Logan’s writing is both lyrical and pragmatic. Though her language and imagery are beautiful, they are not superfluously so. Each image, each bit of dialog is relevant to the story. This book was a pleasure to read on many levels, and one I recommend.


And, here are a few of my favorite writerly posts from this week:


Finally, a quote for the week:

pin throw me to the wolves

Here’s to embracing your ferocity and setting it loose on the world in the most loving and beautiful way you can. 
Jamie Lee Wallace Hi. I’m Jamie. I am a content marketer and branding consultant, columnist, sometime feature writer, prolific blogger, and aspiring fiction writer. I’m a mom, a student of equestrian and aerial arts (not at the same time), and a nature lover. I believe in small kindnesses, daily chocolate, and happy endings. Introduce yourself on Facebooktwitter, Instagram, or Pinterest. I don’t bite … usually.

27 thoughts on “Weekend Edition – Sometimes, you have to get mad.

  1. Jamie, this post, especially the last two paragraphs reverberated with me. I’ve been struggling to start writing about working in India and the Middle East years ago. I fell in love with the people who were so different from me, so challenging to one’s Western soul. Watching the news coverage of the horrific conditions so many in that part of the world are enduring brings me to tears daily but creates a conflict with those in my life that have not experienced another culture. The lack of interest and compassion is baffling and as you wrote, has evolved into a frustration that I hope will now trigger the writing that will open some eyes.

    • It sounds like you have already found the love that inspires you, and now your frustration may be boiling over into the kind of productive anger that is the catalyst for your work. I have often found that getting mad is an excellent way to push past fear, whether it’s fear of conflict or fear of falling or any other kind of fear. Getting mad gives us a jolt of adrenaline that helps us leap beyond the fear so that we can take action.
      I wish you good luck with your writing. I am sure that you will open some eyes, and that is a good thing.
      Thanks for coming by and for sharing part of your story.

  2. So, true Jaime. I think everyone can clearly relate with this.

    I believe we have these painful moments outside the creative journey as well. And a real artist only just absorbs them as part of his metamorphosis. It is part of the recipe. In my own life, whenever I look back I can fairly identify many moments and decisions which categorically transformed me into whatever I am today. I have, over the years, learnt to embrace them and accept what I am and not minding if I don’t conform to others’ beliefs and expectations. In fact, whenever I reflect on days past, I realise that given the same instincts and circumstances, I will repeat my decisions – so I have no regret about them – however – they do affect my view of the world and the life I am living including my small time writing efforts.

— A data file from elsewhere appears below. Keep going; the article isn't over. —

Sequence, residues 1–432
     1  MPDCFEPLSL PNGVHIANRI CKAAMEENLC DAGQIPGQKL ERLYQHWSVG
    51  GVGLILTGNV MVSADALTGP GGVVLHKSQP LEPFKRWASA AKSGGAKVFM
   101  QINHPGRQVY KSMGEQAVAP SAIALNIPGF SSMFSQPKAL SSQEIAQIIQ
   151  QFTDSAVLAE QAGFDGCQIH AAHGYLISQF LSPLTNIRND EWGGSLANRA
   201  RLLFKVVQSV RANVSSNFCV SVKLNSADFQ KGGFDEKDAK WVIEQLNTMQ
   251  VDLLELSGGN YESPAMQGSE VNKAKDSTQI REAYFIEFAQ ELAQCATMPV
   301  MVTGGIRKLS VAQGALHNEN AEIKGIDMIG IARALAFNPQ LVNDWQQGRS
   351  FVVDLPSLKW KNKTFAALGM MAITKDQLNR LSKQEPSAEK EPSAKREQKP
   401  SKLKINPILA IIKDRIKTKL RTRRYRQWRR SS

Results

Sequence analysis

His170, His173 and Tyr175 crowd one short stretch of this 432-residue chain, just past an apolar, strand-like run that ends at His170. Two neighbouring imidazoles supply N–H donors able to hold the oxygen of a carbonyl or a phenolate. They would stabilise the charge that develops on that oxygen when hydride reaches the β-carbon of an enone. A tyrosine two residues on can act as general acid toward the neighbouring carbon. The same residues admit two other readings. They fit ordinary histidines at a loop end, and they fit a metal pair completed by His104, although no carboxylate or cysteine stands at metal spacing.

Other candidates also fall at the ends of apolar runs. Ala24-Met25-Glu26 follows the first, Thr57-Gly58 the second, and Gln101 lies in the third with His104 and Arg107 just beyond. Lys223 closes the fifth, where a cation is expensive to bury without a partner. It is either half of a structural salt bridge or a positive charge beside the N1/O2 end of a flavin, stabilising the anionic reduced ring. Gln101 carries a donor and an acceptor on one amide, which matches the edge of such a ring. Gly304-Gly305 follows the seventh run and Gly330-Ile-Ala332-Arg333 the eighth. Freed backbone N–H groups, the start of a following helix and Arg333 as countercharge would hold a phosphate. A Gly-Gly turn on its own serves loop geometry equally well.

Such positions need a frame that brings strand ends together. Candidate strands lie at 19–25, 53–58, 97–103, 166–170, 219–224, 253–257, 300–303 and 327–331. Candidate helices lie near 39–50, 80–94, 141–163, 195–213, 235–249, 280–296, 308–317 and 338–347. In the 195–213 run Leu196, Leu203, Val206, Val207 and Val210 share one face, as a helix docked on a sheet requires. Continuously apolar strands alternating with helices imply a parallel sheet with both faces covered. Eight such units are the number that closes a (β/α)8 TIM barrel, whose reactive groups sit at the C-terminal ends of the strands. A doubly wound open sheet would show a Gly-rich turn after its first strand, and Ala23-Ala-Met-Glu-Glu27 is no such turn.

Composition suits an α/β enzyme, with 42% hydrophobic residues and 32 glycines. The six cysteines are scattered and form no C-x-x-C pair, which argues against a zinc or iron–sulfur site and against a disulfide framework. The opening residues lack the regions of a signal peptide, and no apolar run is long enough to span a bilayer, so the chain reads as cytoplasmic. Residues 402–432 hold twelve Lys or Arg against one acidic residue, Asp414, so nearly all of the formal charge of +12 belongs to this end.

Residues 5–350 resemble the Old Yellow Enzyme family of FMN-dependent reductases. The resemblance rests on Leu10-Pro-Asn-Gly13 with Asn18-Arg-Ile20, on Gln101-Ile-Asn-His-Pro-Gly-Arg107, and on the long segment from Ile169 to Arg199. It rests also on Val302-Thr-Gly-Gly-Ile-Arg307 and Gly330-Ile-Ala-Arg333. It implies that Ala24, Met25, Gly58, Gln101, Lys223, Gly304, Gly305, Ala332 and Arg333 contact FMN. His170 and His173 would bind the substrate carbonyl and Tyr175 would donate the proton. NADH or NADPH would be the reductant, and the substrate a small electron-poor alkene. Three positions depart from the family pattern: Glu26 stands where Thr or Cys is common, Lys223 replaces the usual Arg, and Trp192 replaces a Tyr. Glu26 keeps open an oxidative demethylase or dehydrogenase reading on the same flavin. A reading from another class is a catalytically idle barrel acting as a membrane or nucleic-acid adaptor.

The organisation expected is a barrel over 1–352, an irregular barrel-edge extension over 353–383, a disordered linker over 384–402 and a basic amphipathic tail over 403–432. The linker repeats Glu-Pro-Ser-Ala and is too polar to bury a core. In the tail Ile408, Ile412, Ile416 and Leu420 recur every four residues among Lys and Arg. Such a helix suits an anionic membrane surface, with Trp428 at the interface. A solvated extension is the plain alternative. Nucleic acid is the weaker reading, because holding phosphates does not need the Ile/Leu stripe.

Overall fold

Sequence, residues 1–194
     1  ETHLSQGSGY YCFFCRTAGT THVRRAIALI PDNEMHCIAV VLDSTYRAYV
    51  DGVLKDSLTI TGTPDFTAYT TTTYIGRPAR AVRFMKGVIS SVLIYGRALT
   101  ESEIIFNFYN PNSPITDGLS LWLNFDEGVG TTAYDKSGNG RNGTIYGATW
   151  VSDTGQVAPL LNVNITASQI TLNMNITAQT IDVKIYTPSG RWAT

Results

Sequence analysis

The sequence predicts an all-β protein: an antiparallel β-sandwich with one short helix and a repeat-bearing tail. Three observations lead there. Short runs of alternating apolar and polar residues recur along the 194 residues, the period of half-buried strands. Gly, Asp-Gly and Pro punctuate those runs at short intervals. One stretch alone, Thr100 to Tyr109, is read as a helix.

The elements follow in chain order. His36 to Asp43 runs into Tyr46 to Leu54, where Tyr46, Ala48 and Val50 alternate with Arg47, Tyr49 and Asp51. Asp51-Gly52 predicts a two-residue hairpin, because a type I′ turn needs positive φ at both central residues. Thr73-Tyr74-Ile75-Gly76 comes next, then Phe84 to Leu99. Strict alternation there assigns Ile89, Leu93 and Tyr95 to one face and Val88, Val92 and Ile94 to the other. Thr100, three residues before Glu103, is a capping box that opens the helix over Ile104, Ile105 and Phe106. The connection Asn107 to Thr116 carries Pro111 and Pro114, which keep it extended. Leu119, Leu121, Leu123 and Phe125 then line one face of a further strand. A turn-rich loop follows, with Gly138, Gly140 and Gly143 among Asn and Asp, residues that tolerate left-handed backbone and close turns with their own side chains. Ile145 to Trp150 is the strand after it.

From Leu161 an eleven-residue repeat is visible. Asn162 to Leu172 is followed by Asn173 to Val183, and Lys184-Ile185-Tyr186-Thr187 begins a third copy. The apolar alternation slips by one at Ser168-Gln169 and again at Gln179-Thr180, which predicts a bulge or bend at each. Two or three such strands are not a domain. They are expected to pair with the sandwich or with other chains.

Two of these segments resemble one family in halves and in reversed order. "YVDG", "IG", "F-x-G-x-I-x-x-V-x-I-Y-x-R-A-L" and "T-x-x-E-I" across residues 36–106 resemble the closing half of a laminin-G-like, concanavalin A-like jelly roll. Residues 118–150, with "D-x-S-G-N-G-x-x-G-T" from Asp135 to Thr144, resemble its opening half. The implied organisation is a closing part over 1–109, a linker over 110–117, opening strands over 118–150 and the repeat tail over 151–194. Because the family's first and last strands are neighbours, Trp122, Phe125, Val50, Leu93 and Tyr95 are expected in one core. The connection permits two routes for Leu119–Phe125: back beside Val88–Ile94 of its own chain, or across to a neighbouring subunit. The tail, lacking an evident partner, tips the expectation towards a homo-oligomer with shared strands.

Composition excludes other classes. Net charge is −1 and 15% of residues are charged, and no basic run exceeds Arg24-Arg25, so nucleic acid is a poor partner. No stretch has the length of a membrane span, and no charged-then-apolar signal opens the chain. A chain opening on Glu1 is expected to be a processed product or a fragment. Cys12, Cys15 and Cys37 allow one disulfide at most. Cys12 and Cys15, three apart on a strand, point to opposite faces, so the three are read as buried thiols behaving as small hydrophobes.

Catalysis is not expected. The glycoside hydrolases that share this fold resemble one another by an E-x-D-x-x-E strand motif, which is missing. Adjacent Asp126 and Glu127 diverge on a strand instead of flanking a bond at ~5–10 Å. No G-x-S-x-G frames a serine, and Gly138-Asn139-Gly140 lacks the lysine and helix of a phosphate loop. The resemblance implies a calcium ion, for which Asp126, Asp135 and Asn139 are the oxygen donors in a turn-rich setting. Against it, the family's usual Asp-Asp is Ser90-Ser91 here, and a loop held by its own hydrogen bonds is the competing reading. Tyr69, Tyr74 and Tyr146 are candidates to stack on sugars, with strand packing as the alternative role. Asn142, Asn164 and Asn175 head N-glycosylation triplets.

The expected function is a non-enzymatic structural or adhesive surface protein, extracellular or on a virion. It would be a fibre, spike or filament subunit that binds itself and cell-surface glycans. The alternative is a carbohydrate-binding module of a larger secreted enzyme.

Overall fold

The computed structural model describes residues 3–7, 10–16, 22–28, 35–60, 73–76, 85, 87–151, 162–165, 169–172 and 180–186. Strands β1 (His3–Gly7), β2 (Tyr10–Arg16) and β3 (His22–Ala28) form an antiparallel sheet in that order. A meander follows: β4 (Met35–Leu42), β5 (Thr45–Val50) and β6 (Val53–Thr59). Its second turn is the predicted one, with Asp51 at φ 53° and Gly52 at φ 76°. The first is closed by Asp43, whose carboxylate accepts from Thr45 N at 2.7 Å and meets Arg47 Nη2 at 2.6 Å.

• Hello, Bilal.
      I agree that these moments exist outside the creative journey. Each choice we make moves us toward one thing and away from another. Have a healthy breakfast, and get lots of good energy for the day ahead. Eat a junk food breakfast, and watch your energy take a nose dive. Small choices made again and again create big results. It’s the same with writing. If we choose to take small steps each day – maybe just writing for ten or fifteen minutes, for instance – over time, that adds up to hours and hours of practice, practice that can make a big difference in our confidence and skill.

      Looking at things from that perspective, there really are no “small efforts.”

      Thanks for sharing!

    • Though I also believe in free will and in taking responsibility for our choices and lives, I agree with you that there is an element of purpose or “fate” involved as well. I believe that everything happens for a reason. Not every reason has to do with us, and we certainly don’t get to know all the reasons, but I do believe they are there.

      I loved the quote as well – such a quiet but fierce statement of confidence and intent.

      Thanks for being here. Always nice to see you! 🙂

  3. I recently read The Gracekeepers as part of my bookgroup and we all went to hear her in conversation with Marina Warner at the Edinburgh book festival. A very exciting and inspiring young writer, I second your recommendation.

    • Oh! That must have been very cool to hear Logan speak. I’m envious. 😉

      And I’m glad to “meet” someone else who enjoyed the book. Thanks for sharing.

      • It’s always interesting to hear the author’s take on things. She was also talking about her new book, a collection of short stories, again fairy tale theme. I’m not sure it is available in the U.S. as it is a limited edition print run.